Having my own mixed breed puppy I’m currently also wondering how large he’ll get because he just keeps growing!
You can scroll down straight to the calculator if you wish but first I’ll tell you some things that can affect how large your pup is still going to get.
What Affects The Size?
A good indicator of how large your pup will get is usually the paws. If your puppy is somewhere around 8 weeks old and already has these huge paws that don’t fit his rather small body at all, that’s a good indicator that he’ll need some time to grow into them.
Already at 8 weeks old my Aussiedoodle puppy (Standard Poodle x Australian Shepherd) had bigger paws than my 12-year-old Yorkshire Terrier, which to me at the time was crazy.
I had no idea that the paws grow so quickly and that my puppy was going to grow into them eventually but at that point, everyone knew that he was going to be a quite large dog.
Females of any breed tend to be a bit smaller than their male counterparts so if you’re looking for a smaller dog choose a female.
Every breed has a typical size. You shouldn’t be confused if a Great Dane just keeps growing and growing and turns out to be a huge dog with just as large piles of crap.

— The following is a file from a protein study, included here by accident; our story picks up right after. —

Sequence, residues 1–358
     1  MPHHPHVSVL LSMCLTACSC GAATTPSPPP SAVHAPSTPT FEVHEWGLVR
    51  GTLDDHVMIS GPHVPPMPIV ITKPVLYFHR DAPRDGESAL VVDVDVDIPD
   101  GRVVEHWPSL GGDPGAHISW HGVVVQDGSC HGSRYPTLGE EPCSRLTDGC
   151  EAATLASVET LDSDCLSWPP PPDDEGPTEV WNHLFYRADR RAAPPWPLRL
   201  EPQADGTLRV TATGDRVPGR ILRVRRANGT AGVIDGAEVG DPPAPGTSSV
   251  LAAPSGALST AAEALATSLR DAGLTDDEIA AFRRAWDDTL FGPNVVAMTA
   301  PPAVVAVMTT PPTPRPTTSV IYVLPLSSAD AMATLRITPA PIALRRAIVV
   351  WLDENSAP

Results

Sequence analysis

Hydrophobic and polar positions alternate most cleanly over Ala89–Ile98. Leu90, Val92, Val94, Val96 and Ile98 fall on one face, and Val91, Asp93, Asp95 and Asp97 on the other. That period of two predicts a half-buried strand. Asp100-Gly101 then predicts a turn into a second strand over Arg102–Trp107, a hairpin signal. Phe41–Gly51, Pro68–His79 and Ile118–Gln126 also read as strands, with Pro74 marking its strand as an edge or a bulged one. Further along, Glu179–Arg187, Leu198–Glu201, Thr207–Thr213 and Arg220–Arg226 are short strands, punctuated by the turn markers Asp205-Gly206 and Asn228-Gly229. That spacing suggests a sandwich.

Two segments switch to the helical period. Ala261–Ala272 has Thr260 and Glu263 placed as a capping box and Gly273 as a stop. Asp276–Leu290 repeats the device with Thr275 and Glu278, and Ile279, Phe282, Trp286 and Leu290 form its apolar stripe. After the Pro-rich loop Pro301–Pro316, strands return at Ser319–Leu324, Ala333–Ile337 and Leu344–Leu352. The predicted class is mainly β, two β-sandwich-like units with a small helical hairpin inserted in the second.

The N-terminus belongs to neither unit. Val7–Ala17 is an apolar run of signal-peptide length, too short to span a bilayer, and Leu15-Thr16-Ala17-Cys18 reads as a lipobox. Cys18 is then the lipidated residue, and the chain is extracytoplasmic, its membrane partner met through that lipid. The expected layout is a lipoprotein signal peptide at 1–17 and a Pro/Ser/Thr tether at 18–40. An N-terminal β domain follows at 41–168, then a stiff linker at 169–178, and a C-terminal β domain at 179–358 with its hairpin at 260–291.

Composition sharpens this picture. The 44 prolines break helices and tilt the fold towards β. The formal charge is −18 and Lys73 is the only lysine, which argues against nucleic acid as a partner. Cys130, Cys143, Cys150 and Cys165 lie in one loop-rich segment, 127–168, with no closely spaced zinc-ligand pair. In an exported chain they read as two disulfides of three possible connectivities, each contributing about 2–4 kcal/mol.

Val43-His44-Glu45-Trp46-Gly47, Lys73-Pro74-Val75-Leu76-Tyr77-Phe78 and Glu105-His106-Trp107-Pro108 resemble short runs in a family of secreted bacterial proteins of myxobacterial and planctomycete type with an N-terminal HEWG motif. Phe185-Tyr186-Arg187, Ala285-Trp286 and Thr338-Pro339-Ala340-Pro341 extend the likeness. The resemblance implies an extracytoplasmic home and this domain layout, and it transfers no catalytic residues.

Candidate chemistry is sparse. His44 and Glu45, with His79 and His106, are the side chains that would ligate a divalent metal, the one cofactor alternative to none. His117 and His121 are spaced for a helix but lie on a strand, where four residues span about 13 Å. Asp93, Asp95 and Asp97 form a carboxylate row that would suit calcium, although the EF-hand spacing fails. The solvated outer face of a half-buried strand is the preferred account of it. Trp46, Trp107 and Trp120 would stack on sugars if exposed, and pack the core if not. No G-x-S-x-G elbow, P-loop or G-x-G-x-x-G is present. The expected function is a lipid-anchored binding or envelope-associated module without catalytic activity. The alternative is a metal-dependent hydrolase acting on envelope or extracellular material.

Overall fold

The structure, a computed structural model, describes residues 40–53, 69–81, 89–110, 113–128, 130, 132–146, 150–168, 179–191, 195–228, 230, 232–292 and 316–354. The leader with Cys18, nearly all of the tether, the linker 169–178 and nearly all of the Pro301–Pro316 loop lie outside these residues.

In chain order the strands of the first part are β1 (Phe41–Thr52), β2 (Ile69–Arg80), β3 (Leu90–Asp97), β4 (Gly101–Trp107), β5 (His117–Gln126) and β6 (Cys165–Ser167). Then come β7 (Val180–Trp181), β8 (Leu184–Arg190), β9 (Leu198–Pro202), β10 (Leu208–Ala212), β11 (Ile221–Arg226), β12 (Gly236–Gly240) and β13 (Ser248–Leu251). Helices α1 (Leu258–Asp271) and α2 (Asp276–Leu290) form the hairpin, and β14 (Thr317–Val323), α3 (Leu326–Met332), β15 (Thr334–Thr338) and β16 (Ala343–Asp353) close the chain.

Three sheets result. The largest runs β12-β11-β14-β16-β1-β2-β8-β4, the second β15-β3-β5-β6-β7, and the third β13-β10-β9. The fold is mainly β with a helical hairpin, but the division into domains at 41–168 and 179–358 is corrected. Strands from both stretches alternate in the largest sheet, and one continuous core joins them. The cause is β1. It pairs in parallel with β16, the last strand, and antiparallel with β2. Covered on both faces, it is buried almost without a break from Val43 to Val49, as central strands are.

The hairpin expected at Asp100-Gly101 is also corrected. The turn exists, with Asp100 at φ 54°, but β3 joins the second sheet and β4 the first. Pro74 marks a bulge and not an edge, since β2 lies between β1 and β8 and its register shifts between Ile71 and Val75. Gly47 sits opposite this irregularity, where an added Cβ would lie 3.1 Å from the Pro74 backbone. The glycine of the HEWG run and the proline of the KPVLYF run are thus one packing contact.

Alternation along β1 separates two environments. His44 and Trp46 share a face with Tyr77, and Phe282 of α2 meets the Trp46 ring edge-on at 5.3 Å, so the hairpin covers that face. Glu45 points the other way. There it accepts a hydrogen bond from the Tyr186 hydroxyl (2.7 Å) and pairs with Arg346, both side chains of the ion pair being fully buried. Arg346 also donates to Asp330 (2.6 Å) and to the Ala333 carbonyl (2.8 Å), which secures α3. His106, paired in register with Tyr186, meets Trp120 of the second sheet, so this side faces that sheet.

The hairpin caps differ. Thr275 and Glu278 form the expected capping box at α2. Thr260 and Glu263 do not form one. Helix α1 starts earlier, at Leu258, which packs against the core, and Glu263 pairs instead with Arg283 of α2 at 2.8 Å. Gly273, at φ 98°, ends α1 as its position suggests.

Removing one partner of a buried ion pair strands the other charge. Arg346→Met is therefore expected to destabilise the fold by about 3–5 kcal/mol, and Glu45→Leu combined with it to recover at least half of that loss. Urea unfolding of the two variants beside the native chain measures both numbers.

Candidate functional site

On the other hand, a Yorkshire Terrier tends to be a rather small breed that will rarely exceed 7 pounds (3 kg).
Now, of course, mixed breeds like Doodles or any other kind of mutt is harder to predict but this is where the parents come in.
The parent can be a huge indicator of the size that your puppy will become one day. When both parents are roughly the same size, the puppy should be too but when the parents have quite a different size, the puppy might be dead in the middle or take after one of the parents.
Meaning, when the parents are substantially different or there are multiple breeds involved, the puppy’s size can pretty much be a mystery to the owners.
I saw both parents of my own puppy and they were quite a bit apart size-wise meaning that my puppy could take after the mother or father and I’ll probably only find out once he’s done growing.
Overview Of General Breed Weights
Here are some weights of these breeds grown up so you can get some idea where your dog might be if you know exactly the breed or have a few general breeds in mind that might be mixed in.
- Labrador Retriever: 55-80 pounds (25-36kg)
- German Shepherd: 65-90 pounds (30-40kg)
- Golden Retriever: 65-75 pounds (30-34kg)
- French Bulldog: <28 pounds (<13kg)
- Bulldog: 40-50 pounds (18-23kg)
- Standard Poodle: 40-70 pounds (18-32kg)
- Miniature Poodle: 10-15 pounds (5-7kg)
- Toy Poodle: <10 pounds (<5kg)
- Rottweiler: 80-135 pounds (36-61kg)
- Yorkshire Terrier: 7 pounds (<3kg)
- Boxers: 45-80 pounds (20-36kg)
- Siberian Husky: 35-60 pounds (16-27kg)
- Great Dane: 110-175 pounds (50-80kg)
- Dachshund: 11-32 pounds (5-15kg)
- Australian Shepherd: 40-65 pounds (18-30kg)
- Shih Tzu: 9-16 pounds (4-7kg)
- Chihuahua: <6 pounds (<3kg)
But seeing as you’re here, you most likely don’t have a purebred puppy, as these are predictable most of the time.
Mixed breed dogs, like Doodles that have become popular in recent years, are harder to predict, especially if you don’t know anything about the parents of your pup.